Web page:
Municipality (Netherlands)

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Map of the Dutch municipalities, 2019
The structure of the Dutch state with municipalities, provinces and the national level

A municipality ( Dutch gemeente ) is the third and lowest administrative level in the Netherlands after the imperial authority and the provinces . As of January 1, 2019, there are 355 municipalities in the Netherlands. There is a tendency to merge smaller parishes. In 2012, the new government even set itself the goal of only having communities with at least 100,000 inhabitants in the future.

In the European NUTS classification, NUTS1 is assigned to the landsdelen north, south, east and west (three provinces each, for example the north: Groningen, Friesland, Drenthe). NUTS2 is a province and NUTS3 is the COROP regions; This means forty units, each consisting of several communities, for example the Achterhoek , Zaanstreek or Noord-Overijssel. The landsdelen and the COROP regions are only used for statistics. Administratively, there are only the provinces and the municipalities, the latter correspond to LAU2 , as there is no LAU1 in the Netherlands.

According to the municipal law, a municipality could set up sub-municipalities (Dutch deelgemeenten ). Only Amsterdam and Rotterdam , the two largest cities in the country, had made use of this. The municipality of Rotterdam, for example, had 11 sub-municipalities, each with its own deelgemeenteraad . The abolition of the sub-municipalities or the weakening as mere decentralization of the municipal administration was also a goal of the government of Mark Rutte .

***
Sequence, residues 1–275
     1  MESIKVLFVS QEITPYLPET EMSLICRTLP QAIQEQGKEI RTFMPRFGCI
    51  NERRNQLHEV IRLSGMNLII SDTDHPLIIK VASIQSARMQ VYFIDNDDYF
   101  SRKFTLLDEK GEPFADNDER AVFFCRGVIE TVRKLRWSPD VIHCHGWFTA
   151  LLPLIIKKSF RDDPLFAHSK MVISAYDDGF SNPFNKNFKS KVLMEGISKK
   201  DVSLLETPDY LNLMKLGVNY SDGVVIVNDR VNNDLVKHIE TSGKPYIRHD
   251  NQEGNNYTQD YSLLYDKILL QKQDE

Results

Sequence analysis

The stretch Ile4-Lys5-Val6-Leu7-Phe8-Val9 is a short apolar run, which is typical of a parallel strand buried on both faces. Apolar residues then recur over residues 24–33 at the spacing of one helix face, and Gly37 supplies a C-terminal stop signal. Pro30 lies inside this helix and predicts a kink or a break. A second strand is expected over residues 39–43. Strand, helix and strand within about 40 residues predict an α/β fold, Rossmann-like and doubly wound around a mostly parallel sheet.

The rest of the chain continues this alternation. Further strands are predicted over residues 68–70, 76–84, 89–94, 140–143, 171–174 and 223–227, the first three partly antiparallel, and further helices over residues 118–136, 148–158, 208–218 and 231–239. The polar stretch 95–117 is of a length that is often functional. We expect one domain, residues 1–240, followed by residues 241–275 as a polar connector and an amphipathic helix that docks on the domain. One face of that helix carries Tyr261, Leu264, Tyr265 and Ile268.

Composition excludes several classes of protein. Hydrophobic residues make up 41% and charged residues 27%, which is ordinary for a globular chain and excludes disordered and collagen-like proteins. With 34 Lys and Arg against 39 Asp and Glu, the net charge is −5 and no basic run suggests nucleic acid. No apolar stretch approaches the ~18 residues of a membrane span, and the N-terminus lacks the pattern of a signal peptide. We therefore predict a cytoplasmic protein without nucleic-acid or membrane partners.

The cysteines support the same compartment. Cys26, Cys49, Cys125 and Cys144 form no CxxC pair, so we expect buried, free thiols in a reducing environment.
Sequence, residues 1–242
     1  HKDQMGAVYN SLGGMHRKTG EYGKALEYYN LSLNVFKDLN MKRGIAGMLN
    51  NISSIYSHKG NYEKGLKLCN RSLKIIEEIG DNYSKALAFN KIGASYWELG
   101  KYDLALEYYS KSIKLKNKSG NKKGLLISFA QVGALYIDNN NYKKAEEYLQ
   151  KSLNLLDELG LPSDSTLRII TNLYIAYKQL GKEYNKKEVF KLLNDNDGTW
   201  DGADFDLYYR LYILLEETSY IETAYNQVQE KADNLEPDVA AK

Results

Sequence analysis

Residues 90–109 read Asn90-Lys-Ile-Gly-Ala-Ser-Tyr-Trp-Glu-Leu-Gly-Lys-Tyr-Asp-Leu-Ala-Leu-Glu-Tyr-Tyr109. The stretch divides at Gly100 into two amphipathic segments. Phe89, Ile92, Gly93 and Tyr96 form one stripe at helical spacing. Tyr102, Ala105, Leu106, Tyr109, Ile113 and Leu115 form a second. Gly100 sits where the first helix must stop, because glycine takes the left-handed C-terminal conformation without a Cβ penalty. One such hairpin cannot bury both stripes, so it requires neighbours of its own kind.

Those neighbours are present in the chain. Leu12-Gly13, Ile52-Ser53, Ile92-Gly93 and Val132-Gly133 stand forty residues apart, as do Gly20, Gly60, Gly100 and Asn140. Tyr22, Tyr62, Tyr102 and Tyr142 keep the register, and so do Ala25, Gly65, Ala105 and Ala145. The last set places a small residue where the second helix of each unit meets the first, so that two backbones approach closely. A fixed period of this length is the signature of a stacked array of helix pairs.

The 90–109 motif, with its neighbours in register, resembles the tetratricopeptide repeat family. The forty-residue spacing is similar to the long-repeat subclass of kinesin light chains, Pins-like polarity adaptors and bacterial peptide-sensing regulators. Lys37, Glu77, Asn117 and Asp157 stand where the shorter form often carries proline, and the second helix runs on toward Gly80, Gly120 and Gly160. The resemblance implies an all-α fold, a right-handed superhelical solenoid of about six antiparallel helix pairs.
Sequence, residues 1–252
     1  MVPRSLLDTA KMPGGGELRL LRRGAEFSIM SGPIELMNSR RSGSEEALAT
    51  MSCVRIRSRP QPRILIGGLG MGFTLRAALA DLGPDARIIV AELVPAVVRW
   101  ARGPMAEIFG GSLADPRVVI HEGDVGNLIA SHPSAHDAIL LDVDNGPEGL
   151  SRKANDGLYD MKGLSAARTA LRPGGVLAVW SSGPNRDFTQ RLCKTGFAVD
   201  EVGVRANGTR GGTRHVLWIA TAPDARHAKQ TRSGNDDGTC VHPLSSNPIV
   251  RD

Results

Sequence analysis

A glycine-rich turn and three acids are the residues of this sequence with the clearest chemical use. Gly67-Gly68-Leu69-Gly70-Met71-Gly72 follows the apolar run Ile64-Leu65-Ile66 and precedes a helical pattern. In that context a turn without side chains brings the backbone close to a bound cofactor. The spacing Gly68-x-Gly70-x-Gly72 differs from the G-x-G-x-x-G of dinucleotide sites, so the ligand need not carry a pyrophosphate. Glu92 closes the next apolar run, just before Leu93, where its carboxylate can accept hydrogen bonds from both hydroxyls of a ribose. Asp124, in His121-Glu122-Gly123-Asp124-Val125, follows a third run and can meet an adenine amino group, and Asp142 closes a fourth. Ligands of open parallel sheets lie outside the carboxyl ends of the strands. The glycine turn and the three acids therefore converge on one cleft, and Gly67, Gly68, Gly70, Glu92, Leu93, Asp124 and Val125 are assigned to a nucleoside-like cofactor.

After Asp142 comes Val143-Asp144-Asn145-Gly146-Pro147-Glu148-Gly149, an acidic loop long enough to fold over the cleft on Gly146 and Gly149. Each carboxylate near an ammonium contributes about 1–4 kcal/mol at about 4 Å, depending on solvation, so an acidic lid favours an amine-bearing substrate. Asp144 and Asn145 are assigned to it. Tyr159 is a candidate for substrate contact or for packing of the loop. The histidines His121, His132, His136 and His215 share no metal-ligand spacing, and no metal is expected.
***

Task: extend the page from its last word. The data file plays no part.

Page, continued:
Otherwise, a municipality can be composed of any localities that have no corresponding significance in the structure of the state. The municipality of Oude IJsselstreek consists of a small town, twelve villages and a few other localities. Sometimes the municipality is called the same as one of the localities, for example a distinction is made between gemeente Berg en Dal and plaats Berg en Dal . For postal addresses, the plaatsnaam ( German  place name ) is usually given . Anyone who lives in the village of Milsbeek in the municipality of Gennep therefore writes Milsbeek, not Gennep, in their letterhead.

At the head of the community is the College van burgemeester en wethouders (the community council). The mayor is appointed by the national government, which wethouders (German aldermen ) from gemeenteraad ( council selected). However, the local council is heard before the mayor is appointed and usually has the decisive influence. The mayor's posts in the largest cities in the country, on the other hand, are partly awarded according to the balance of power in the national parliament.

See also